What happens when we are on our own? What if there is no one else around to consult with before making a judgment - how can we be confident that we are giving a good answer? Psychologists Stefan M. Herzog and Ralph Hertwig from the University of Basel wanted to know if individuals could come up with better answers using a technique they designed and called "dialectical bootstrapping."

Heart - Black

Forced fights at Corpus Christi State School raise disturbing questions

Austin - Cellphone videos of Corpus Christi State School employees forcing mentally disabled residents into late-night prize fights have left Texas families and advocates for people with disabilities in search of answers - not just about security but about human nature.

How can one human being treat another in such a wicked way? Experts disagree on the roots of such abuse. It might be a byproduct of the stressful situations people are in. It could also be innate sadism.

But they concur that the formula at Texas' 13 institutions for the disabled - young, inexperienced and underpaid workers in charge of the state's most vulnerable residents - lays the groundwork for disaster.

"Left alone, human beings will engage in the most surprising kinds of misconduct and adjust their mentality to fit," said David Crump, a University of Houston Law Center professor who specializes in the psychology of evil behavior. "We should expect this unless we take concrete and meaningful steps to prevent it.


Toxoplasmosis linked to schizophrenia

Leeds, England -- British scientists say toxoplasmosis parasite may trigger the development of schizophrenia and bipolar disorders.

The team from the University of Leeds shows the parasite may play a role in the development of the disorders by affecting the production of dopamine -- the chemical that relays messages in the brain controlling aspects of movement, cognition and behavior.


Chemical traces found in child bath items

Washington -- Dozens of top-selling children's bath products are contaminated with trace amounts of cancer-causing chemicals, a U.S. health advocacy group says.

Officials of the Campaign for Safe Cosmetics says it commissioned an independent laboratory to test 48 children's bath products that documented the widespread presence of both formaldehyde and 1,4-dioxane.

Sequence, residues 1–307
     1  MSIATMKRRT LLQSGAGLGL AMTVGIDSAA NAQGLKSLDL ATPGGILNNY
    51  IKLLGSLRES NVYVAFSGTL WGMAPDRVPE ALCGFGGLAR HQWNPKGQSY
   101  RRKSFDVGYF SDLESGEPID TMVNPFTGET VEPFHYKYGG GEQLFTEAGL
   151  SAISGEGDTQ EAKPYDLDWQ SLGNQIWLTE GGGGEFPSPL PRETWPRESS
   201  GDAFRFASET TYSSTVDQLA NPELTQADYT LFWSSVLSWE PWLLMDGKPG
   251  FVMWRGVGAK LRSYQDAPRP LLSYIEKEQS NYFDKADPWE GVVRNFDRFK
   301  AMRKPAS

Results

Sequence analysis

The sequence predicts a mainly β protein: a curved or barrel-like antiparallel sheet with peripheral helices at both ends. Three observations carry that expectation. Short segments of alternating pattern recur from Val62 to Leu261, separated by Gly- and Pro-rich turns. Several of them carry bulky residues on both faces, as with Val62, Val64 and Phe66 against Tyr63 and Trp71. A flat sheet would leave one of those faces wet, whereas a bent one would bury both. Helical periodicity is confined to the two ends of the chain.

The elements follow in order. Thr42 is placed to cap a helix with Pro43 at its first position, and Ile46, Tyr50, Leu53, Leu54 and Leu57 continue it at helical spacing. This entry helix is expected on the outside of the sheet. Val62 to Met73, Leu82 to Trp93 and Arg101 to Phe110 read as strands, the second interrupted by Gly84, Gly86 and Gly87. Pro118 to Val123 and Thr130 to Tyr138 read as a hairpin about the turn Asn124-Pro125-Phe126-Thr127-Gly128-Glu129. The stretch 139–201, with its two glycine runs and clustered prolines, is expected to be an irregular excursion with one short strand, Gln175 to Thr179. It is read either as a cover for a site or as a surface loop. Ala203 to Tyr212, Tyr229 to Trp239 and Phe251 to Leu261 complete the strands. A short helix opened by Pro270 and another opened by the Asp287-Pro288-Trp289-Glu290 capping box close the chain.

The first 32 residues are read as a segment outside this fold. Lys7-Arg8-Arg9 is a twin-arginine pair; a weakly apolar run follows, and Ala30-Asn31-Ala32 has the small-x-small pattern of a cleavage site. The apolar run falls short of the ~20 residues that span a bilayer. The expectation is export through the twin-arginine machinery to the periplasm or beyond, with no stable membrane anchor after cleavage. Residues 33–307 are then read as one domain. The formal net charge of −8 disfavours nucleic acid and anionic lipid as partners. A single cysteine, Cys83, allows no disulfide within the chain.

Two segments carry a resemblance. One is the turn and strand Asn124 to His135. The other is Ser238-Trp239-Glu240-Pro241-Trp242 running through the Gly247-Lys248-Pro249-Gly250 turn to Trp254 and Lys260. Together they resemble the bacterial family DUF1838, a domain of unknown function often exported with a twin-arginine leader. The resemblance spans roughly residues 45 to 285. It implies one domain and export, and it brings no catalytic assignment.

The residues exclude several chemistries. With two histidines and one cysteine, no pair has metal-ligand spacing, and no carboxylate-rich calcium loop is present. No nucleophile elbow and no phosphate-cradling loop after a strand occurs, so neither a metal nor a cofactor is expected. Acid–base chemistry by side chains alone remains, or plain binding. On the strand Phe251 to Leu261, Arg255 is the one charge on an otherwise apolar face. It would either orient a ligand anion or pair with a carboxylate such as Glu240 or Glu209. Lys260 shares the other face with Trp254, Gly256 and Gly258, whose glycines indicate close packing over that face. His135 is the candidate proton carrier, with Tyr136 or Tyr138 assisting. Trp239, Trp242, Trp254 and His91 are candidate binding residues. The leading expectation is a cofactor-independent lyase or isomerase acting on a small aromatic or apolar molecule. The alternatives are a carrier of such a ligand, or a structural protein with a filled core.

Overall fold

The chemicals were not disclosed on product labels because contaminants are exempt from labeling laws, officials of the Campaign for Safe Cosmetics said.


Baby bottle chemical is removed

The makers of babies' bottles in the US are to remove a controversial chemical from their products, amid growing concern over its possible effects.

The six manufacturers say they are reacting to consumer demand by removing Bisphenol A (BPA) from their bottles.

But they will continue selling bottles containing BPA in the UK, a decision which has angered campaigners.


S. C. Johnson to Cleanse Phthalates from Their Household Products

The mammoth manufacturer promises to disclose all ingredients by 2012

A top manufacturer of household cleaners announced plans yesterday to eliminate a controversial plastics additive from its brand and voluntarily disclose all product ingredients.

S.C. Johnson - maker of Windex, Shout and Glade - said that it has begun working with its suppliers to end the use of phthalates, which soften plastics.

The move comes as lawmakers are debating regulations for many industrial chemicals as research suggests potentially serious health impacts. Phthalates, for example, interfere with hormones and have been linked to genetic abnormalities in baby boys.

Congress passed a bill last year banning certain phthalates in toys as part of a broad consumer-protection bill, and some states are considering bans on the chemical in children's products